Project management is the discipline of supervising all the different resources and aspects of the project in such a way so that the resources will deliver all the output that is required to complete the project within the defined scope, time, and cost constraints (Lewis A. , 2010). It is the application of skill, knowledge, tools and techniques to project activities to achieve project requirements. It can be accomplished through the application of initiating, planning, executing, monitoring and controlling and closing (Lewis, 2007). This is mainly done in order to meet the exceeding needs and expectations of the stakeholders (Introduction to Project Management Principles, 2003). The call for project management was determined by the various businesses that realised the benefits of organising, communicating and co-ordinating work across the various departments and professions. This helps in coordinating the various resources of a project durning the project initiation stage so that by the time the project has begun its work all stakeholders and team members will have a clear cut understanding and acceptance of the process, methodology and expected outcomes of the project. (Lewis A. , 2010)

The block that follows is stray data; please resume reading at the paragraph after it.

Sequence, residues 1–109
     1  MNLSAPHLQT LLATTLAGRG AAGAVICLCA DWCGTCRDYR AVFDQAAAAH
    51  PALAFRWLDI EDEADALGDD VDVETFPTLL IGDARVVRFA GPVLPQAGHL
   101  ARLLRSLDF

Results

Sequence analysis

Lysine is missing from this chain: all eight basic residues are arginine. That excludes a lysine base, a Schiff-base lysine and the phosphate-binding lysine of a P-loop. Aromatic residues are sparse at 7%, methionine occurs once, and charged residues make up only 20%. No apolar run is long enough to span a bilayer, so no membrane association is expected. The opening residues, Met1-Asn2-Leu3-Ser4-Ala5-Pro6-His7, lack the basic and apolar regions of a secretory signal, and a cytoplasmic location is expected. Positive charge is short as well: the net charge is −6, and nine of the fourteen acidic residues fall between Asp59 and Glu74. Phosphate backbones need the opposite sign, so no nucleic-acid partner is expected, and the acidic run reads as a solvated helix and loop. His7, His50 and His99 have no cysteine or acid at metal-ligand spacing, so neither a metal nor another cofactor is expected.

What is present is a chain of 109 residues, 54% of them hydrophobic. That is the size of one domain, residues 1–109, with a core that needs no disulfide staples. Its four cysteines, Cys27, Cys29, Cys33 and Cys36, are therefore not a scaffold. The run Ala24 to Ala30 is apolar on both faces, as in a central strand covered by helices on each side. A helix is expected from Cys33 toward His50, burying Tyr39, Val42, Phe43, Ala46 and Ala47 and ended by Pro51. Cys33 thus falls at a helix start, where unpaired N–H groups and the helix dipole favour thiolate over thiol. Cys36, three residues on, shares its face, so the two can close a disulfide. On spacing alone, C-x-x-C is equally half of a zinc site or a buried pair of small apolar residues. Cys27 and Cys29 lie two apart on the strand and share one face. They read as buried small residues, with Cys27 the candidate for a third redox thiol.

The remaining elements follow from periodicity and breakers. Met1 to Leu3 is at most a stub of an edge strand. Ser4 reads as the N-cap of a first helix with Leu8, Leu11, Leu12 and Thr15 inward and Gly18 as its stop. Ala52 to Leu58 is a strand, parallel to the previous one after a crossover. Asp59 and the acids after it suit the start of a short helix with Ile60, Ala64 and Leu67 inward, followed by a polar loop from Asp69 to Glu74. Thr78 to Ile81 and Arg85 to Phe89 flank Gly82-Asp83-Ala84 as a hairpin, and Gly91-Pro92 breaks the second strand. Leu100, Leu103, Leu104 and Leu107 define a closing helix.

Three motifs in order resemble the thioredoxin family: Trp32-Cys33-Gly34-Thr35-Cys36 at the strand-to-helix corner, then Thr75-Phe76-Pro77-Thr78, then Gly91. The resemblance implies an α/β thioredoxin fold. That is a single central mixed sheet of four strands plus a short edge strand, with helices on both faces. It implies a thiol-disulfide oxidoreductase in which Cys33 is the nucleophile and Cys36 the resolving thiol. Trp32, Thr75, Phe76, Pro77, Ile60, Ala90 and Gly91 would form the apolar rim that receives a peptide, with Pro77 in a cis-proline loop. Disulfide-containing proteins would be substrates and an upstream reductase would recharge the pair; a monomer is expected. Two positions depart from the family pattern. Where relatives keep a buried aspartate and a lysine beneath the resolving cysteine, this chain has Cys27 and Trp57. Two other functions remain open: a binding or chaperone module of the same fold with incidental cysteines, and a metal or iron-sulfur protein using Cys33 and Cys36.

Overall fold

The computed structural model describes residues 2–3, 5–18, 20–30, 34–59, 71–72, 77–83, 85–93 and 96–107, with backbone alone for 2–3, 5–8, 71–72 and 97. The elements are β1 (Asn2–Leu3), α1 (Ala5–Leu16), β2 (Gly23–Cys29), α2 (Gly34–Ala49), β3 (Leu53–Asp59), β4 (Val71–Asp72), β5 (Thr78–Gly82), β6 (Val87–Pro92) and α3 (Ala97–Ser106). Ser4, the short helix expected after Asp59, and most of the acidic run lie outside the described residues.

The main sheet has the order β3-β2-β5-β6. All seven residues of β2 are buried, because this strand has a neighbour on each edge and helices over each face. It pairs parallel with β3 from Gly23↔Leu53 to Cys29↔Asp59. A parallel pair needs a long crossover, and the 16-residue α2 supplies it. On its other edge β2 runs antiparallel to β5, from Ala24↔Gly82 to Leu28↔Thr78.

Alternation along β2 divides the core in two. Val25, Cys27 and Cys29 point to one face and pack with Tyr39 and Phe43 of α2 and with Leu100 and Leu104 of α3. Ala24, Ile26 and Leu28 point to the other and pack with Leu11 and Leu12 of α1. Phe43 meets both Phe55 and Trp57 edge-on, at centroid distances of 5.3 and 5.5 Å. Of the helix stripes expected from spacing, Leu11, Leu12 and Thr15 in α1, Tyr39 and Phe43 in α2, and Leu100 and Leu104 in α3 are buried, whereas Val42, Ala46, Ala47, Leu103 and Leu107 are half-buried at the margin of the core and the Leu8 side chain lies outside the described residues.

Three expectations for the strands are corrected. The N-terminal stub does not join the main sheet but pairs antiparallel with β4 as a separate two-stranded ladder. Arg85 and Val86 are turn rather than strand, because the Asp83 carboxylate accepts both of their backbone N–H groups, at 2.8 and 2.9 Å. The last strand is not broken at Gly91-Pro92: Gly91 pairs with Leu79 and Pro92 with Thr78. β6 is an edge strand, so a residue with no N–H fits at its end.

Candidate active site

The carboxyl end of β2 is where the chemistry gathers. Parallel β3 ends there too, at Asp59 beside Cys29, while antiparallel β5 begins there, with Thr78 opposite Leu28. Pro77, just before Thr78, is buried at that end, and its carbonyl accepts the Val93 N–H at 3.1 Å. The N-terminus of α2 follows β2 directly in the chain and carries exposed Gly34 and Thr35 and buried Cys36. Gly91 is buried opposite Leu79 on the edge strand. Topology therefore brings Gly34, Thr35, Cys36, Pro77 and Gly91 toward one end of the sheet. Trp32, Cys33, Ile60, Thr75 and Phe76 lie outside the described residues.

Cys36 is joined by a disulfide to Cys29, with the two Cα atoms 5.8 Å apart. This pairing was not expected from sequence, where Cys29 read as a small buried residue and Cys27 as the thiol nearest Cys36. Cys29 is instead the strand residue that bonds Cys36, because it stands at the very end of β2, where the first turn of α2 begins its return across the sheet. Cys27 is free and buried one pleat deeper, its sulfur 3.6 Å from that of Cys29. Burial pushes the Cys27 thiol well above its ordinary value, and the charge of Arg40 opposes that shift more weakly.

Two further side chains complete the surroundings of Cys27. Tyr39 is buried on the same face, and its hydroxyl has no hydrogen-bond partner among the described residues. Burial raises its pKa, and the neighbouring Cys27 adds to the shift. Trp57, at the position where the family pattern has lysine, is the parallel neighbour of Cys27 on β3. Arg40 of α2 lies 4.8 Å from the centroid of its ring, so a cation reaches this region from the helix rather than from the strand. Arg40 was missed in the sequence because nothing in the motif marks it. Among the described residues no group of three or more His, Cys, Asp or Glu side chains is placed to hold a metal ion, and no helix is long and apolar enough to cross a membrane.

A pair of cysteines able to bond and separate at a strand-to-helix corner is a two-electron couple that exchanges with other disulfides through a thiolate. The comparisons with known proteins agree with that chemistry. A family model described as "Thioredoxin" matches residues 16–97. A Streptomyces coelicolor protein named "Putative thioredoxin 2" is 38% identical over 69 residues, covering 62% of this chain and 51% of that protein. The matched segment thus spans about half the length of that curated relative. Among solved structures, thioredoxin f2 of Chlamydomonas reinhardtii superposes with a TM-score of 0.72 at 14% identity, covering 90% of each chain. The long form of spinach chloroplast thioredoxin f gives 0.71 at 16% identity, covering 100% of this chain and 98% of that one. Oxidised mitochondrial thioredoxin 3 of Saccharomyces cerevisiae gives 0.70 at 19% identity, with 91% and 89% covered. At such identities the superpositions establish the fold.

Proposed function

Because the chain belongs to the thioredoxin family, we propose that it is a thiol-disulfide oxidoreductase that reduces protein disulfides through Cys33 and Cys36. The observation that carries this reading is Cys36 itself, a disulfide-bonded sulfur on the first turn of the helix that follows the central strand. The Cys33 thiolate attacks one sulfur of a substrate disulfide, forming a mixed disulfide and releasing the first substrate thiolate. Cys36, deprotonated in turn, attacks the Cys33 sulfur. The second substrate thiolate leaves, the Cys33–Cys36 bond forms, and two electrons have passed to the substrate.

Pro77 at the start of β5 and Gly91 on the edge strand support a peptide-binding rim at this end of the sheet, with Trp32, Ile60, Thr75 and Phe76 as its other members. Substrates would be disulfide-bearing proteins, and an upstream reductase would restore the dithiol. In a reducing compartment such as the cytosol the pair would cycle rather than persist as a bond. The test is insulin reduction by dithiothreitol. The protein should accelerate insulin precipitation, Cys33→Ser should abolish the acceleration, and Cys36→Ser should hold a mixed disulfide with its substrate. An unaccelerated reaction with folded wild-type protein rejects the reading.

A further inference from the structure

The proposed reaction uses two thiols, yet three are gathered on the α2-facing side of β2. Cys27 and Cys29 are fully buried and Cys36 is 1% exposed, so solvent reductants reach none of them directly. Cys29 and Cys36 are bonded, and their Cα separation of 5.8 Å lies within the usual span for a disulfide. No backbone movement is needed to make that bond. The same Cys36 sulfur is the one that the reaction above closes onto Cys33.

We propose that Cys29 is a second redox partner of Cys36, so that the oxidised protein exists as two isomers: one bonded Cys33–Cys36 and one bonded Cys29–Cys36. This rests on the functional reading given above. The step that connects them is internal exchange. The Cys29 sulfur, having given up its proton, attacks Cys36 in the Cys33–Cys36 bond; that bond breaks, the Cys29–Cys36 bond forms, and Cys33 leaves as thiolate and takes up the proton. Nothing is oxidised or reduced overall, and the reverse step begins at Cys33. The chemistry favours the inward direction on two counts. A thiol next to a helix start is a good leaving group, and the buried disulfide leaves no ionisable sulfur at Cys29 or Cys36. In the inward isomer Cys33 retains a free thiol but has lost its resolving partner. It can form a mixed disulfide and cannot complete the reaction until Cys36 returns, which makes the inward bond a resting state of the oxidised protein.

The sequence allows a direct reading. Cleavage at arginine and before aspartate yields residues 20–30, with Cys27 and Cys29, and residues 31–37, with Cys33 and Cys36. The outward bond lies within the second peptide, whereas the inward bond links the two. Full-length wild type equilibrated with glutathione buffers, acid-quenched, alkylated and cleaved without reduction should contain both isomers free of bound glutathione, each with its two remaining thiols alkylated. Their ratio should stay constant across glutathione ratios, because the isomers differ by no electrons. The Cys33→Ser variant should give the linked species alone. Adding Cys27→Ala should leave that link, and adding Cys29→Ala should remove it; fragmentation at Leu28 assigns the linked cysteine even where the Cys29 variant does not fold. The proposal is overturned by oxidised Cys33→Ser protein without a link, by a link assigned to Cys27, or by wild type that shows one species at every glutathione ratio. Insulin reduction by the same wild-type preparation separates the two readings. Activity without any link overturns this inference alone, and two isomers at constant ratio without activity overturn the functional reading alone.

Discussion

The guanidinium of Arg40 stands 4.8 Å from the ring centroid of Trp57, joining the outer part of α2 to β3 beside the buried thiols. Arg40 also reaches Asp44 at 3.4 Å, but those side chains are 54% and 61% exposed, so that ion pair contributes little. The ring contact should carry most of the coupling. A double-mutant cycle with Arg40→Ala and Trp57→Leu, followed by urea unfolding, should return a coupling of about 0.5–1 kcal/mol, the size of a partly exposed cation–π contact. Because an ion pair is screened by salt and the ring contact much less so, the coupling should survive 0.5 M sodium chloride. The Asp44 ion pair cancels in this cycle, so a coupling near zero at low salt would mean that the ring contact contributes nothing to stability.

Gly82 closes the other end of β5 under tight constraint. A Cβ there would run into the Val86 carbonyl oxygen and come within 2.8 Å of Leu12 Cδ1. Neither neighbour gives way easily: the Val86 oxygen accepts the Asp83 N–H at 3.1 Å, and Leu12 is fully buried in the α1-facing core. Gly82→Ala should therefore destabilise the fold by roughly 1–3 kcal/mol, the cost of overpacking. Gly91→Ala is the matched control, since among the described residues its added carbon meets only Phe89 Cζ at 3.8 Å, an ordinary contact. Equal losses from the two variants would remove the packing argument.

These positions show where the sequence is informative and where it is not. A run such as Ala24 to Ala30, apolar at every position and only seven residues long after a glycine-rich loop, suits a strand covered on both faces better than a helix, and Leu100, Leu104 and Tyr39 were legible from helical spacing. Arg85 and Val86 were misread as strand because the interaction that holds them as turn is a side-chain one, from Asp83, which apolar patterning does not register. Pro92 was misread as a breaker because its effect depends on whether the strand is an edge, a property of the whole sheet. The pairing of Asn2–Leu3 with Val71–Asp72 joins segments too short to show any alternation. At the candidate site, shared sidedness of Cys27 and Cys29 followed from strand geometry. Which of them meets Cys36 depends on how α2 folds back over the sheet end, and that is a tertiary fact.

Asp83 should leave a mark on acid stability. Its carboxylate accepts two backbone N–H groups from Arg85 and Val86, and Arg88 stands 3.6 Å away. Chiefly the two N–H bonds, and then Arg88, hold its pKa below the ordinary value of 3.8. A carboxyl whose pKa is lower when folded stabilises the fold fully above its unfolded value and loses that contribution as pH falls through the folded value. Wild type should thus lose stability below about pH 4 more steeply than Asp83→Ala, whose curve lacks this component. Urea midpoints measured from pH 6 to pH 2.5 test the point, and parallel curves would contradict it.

Stakeholders refers to those individuals or a group who has vested interest in the outcome or the results of the body of a work in an organisation. (Johnson, Scholes, & Whittington, 2008) defined stakeholders as the "people or small groups who depend on the organisation to fulfill their own goals and on whom, in turn, the organisation depends". They may be actively involved in the project and may have an interest on the total performance or completion of the project. They have the power to exert positive or negative influence over the project, its deliverables and its team members.(Bourne, 2009). Hence stakeholders can be called as the key people involved in a project. They have an interest in the execution of the project, getting the approvals and resources, and they also have a stake in the project outcome. Although they may not have an official role on the project, these are the people who will ultimately estimate the success or failure of a project (Koning, 2009).